Technical Knitting | Applications of Technical Fabric Structures

Md. Emdad Sarker
Assistant Professor
Department of Fabric Engineering, BUTEX 

Technical knitting is an advanced capability which allows textile components to be used in the technical field rather than traditional textiles. Technical knitting is an exciting capability, making it possible to create ground-breaking textile structures, constructions and textures as fully fashioned textile components which just can’t be achieved in flat-weaving [1]. In this article, some technical knitted fabrics along with their applications have been described.

Applications of Technical Knitted Fabrics
1. Bandages 
Bandages are designed to perform a whole variety of specific functions depending upon the final medical requirement. The most common application for bandages is to hold dressings in place over wounds. Such bandages include lightweight knitted or simple open weave fabrics made from cotton or viscose that are cut into strips then scoured, bleached, and sterilised. Elasticated yarns are incorporated into the fabric structure to impart support and conforming characteristics. Knitted bandages can be produced in tubular form in varying diameters on either warp or weft knitting machines. Compression bandages are used for the treatment and prevention of deep vein thrombosis (DVT), leg ulceration, and varicose veins and are designed to exert a required amount of compression on the leg when applied at a constant tension [2].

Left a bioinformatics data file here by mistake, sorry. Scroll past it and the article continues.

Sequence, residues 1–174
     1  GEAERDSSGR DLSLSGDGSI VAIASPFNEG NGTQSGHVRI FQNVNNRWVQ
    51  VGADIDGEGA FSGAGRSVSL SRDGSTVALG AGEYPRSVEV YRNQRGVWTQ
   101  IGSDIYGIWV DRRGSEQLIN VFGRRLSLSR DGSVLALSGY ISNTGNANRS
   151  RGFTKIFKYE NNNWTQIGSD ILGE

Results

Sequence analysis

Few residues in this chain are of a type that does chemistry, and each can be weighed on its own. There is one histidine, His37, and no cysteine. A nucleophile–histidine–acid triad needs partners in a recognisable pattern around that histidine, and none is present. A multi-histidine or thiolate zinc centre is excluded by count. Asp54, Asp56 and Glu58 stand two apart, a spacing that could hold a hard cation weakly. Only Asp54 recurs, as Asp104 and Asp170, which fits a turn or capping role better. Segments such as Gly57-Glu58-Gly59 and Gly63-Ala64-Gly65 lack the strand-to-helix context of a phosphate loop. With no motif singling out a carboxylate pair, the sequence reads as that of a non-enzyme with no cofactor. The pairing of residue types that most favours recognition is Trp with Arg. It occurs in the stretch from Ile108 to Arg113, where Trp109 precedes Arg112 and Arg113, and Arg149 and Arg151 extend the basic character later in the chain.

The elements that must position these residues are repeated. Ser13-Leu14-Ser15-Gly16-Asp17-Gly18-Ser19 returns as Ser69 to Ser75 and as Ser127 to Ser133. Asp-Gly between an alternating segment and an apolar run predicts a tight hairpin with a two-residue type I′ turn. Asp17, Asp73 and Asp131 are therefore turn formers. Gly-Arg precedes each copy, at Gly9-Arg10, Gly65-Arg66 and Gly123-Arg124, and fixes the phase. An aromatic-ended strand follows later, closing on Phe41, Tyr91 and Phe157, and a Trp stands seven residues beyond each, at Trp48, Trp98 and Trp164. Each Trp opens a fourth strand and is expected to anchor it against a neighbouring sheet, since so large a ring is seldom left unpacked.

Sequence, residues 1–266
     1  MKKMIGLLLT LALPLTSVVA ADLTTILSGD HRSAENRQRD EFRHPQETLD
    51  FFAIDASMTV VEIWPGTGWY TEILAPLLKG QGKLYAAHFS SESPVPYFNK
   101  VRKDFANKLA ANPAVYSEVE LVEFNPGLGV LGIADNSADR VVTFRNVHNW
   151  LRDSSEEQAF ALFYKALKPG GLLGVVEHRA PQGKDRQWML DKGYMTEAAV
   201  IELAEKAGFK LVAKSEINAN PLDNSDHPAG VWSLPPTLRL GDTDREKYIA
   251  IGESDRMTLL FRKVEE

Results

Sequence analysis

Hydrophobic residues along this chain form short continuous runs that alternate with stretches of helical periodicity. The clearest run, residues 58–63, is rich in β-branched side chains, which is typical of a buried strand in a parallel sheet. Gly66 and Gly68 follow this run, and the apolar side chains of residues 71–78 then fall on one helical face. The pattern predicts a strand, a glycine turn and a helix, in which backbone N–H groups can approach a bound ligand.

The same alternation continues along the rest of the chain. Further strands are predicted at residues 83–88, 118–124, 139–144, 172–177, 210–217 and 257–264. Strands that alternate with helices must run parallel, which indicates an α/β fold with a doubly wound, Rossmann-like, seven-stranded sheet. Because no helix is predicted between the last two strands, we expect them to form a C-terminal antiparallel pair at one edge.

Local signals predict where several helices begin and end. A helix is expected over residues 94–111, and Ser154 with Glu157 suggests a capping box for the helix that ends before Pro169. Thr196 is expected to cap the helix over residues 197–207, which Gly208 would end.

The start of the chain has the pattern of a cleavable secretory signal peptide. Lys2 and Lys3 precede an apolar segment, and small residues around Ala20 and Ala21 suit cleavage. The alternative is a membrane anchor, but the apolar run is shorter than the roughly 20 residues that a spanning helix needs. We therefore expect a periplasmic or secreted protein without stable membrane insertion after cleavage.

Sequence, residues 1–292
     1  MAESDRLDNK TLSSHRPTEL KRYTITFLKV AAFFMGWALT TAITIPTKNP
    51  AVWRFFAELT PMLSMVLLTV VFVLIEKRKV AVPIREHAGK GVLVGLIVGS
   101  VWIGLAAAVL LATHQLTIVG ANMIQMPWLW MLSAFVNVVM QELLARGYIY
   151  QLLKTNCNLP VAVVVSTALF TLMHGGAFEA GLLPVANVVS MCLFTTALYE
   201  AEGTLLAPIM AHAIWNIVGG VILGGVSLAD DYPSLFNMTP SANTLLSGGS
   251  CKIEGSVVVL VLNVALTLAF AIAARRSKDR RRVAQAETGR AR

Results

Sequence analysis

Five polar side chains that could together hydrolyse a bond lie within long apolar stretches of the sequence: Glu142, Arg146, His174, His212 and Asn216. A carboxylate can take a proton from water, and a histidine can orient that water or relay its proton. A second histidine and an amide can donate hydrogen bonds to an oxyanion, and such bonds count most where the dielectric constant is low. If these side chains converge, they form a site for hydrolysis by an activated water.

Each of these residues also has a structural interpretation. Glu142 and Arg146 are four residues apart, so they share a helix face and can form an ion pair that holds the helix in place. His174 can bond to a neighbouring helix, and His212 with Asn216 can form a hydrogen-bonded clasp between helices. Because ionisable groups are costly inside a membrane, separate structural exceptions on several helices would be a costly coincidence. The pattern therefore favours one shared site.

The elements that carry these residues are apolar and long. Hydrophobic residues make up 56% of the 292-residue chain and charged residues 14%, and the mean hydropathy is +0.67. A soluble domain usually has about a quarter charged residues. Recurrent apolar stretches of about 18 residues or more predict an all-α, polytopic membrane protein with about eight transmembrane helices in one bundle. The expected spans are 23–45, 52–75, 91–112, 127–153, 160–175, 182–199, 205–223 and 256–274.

Tubular bandage - Texpedia
Figure-1 Tubular bandage
Tubular elasticated net garment and pressure gloves - Texpedia
Figure-2 Tubular elasticated net garment and pressure gloves

Lumber or abdominal support - Texpedia
Figure-3 Lumber or abdominal support
Anti-embolism stockings - Texpedia
Figure-4 Anti-embolism stockings

Cardiovascular implants 
Straight or branched grafts are possible by using either weft or warp knitting technology. Polyester vascular grafts can be heat set into a crimped configuration that improves the handling characteristics. During implantation, the surgeon can bend and adjust the length of the graft, which, owing to the crimp or corrugation, allows the graft to retain its circular cross-section [3],[4]. Knitted vascular grafts have a porous structure which allows the graft to become encapsulated with new tissue, but the porosity can be disadvantageous since blood leakage (haemorrhage) can occur through the interstices directly after implantation. 

Knitted prostheses are either single jersey or warp-knitted velour structures. In knitted structures, the strength and porosity of the graft are influenced by loop configuration. Knitted grafts generally have high porosity (2000 ml/min/cm2) and low strength as compared to the woven ones. Knitted prostheses require precoating to prevent excessive blood loss during implantation.

Nowadays, Vascular prosthesis is being manufactured to allow deep penetration of collagen bovine in polyester filament by both sides. This allows an excellent demonstration of seal that it is indicated by the maximum permeability of 0.1 ml/cm2/min. The Albo Graft point of mesh and textile enables the easy passage of the suture through the wall, even in the most difficult anatomic situations.

Vascular Prosthesis and non-occlusive catheter -Texpedia
Figure-5 Vascular Prosthesis [5] and non-occlusive catheter [6]